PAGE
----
Past adoption practices
Adoption practice has changed in the past forty years.
During the 1950s and 1960s, public policy assumed that a 'clean break' from the natural mother was best for the adopted child. During this period, adoptions were 'closed'. People who had been adopted could not access information about their natural parents.
Additionally, many past adoptions did not meet the standards of that time. Babies were taken from their mothers without informed consent.
Forced adoption refers to past practices that forcibly separated mothers and their babies. Not all of these practices resulted in adoption.
These practices usually occurred in an institution, such as a hostel or hospital. Practices included:
- sending mothers to maternity homes with harsh conditions
- forcibly restraining mothers when they gave birth
- immediately separating them from their newborn babies against their will
- pressuring or coercing mothers into signing consent forms.
Past adoption practices were also experienced by the Stolen Generations. According to the Bringing Them Home report, approximately 17 percent of Aboriginal children known to have been forcibly removed from their families across Australia were adopted into new families. In the vast majority of cases, the adoptive family was non-Aboriginal.
On 25 October 2012, the Victorian Parliament apologised for past adoption practices.
On 10 March 2022, the Victorian Government tabled its response to the Parliamentary Inquiry into responses to historical forced adoption in Victoria
Adoption Services Victoria works with other organisations to support people affected by past adoption practices.
VANISH provides professional, confidential search and support services to people affected by adoption. Their staff often have a personal experience of separation and adoption. They can offer understanding and support with empathy and respect, to adopted people, mothers, fathers, and other relatives.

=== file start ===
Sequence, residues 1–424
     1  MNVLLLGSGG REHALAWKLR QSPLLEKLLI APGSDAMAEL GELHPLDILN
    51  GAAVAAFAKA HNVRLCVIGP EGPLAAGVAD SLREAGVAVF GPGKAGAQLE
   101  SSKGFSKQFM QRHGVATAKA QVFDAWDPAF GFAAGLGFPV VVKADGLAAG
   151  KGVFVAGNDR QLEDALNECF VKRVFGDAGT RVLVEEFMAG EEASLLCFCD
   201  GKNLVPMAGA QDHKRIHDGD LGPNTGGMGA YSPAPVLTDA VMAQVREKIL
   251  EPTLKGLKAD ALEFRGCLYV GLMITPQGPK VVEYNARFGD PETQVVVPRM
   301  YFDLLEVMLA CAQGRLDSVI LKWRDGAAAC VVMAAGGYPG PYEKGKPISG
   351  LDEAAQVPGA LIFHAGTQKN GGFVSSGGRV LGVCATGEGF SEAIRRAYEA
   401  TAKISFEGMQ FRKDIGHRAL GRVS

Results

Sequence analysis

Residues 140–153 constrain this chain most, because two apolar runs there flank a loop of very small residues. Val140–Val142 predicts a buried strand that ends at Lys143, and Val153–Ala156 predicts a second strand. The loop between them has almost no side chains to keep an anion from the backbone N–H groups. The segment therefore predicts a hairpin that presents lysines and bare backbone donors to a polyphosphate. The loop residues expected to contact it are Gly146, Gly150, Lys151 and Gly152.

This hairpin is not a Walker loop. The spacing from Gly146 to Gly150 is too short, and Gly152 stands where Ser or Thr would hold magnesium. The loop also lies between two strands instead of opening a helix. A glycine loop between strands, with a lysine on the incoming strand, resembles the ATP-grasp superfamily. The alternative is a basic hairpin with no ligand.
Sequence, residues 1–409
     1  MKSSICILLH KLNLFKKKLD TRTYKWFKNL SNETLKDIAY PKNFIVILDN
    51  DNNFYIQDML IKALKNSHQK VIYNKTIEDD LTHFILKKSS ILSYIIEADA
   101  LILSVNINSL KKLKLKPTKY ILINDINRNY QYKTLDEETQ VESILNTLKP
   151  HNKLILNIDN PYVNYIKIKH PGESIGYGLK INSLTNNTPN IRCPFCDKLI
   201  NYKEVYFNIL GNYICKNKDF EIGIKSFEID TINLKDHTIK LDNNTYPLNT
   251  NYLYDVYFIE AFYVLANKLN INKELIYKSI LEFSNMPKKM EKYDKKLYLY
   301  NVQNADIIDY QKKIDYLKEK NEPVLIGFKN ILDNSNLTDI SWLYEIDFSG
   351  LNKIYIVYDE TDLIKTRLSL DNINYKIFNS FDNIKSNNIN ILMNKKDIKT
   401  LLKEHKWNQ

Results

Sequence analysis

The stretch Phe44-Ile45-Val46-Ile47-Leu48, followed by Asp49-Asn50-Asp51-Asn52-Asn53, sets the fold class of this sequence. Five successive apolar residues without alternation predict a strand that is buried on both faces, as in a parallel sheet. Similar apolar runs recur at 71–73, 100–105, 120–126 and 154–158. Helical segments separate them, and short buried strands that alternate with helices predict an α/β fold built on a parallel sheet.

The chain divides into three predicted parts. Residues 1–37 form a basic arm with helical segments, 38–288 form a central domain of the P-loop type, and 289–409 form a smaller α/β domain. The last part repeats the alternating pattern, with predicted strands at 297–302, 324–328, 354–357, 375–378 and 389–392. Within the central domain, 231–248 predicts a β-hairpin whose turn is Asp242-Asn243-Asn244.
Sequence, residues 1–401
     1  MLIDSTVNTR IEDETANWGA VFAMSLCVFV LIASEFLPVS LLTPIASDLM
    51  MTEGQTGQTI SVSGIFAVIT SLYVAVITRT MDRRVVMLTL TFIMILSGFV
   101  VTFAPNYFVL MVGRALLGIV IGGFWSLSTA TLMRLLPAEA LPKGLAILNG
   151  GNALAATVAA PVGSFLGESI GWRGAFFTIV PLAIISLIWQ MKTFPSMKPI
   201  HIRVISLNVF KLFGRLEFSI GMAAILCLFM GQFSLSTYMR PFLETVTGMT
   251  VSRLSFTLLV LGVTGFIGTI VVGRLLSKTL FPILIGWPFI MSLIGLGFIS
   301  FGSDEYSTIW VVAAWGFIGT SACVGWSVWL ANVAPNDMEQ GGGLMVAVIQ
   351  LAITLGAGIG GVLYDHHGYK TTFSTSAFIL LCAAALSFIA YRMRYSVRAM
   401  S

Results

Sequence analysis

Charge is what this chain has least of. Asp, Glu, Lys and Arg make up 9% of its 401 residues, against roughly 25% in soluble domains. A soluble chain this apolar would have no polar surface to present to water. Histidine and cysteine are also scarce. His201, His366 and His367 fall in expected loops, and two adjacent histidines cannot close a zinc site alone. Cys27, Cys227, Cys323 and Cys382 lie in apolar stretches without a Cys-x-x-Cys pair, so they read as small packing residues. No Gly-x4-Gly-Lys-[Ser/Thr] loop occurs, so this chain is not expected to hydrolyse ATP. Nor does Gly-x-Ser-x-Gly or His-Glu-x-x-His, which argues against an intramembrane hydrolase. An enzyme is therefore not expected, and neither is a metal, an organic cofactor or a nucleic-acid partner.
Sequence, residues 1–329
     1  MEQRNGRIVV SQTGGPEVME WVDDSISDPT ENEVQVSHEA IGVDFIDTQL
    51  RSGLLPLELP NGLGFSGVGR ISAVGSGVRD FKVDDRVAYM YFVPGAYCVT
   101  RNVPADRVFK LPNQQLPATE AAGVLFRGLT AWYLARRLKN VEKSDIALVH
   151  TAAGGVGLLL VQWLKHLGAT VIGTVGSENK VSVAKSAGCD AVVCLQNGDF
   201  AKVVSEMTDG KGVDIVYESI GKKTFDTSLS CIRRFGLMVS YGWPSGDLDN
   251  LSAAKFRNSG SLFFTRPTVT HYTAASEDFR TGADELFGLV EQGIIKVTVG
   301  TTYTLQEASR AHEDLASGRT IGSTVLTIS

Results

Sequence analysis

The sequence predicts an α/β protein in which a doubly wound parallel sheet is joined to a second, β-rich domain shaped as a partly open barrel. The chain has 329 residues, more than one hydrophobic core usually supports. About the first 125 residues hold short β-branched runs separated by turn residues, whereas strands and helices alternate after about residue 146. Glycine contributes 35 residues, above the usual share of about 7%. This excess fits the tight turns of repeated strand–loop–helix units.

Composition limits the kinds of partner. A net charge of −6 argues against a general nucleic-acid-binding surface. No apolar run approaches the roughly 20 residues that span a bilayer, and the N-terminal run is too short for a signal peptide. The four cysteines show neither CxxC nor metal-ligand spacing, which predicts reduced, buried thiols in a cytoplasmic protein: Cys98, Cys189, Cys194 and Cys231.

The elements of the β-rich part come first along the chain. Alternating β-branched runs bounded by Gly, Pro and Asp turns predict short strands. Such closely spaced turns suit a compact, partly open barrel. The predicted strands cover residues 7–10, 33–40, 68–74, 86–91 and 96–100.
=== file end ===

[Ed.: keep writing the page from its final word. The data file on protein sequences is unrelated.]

The Forced Adoption Support Service provides a range of services that support mothers, fathers, adopted persons and other family members affected by forced adoption practices. It also provides funding for projects that support people affected by forced adoption.
Link-Up Victoria and Koorie Heritage Trust
When an Adoption Order is made, a new birth certificate is issued. This is the post adoption birth certificate. It shows the adoptive parents as the parents of the child. It becomes the child’s legal birth certificate.
Adopted people have the same access to their legal birth certificates as non-adopted people. If you were adopted in Victoria, you can apply for your legal, post-adoption birth certificate through the Registry of Births, Deaths and Marriages Victoria
Adopted people and natural parents can also apply for the child’s original birth certificate. Learn more about about applying for an original birth certificate.
Many people affected by adoption find it beneficial to seek the records that were created at the time of the adoption. Adoption information may be sought from Adoption Services. Learn more about applying for adoption information.
Searching for natural family
Sometimes people affected by adoption seek the original birth certificate and adoption records. These documents may help them locate family from whom they have been separated by the adoption.
Learn more about searching for family.
Discharge of adoption
A person may apply to the County Court of Victoria to undo the legal effect of an adoption order. This is known as ‘discharge of adoption'.
If the Court makes an order to discharge an adoption:
- the adoption ceases to exist
- the person is no longer an adopted person or legally connected to the family that adopted them.
They become legally reconnected to their birth family. Learn more about discharge of adoption.
Parliamentary Inquiry into responses to historical forced adoption in Victoria
On 10 March 2022, the Victorian Government tabled its response to the Parliamentary Inquiry into responses to historical forced adoption in Victoria.
The response can be viewed on the Parliament of Victoria website.
You can also view the Inquiry’s report, tabled in Parliament on 8 September 2021.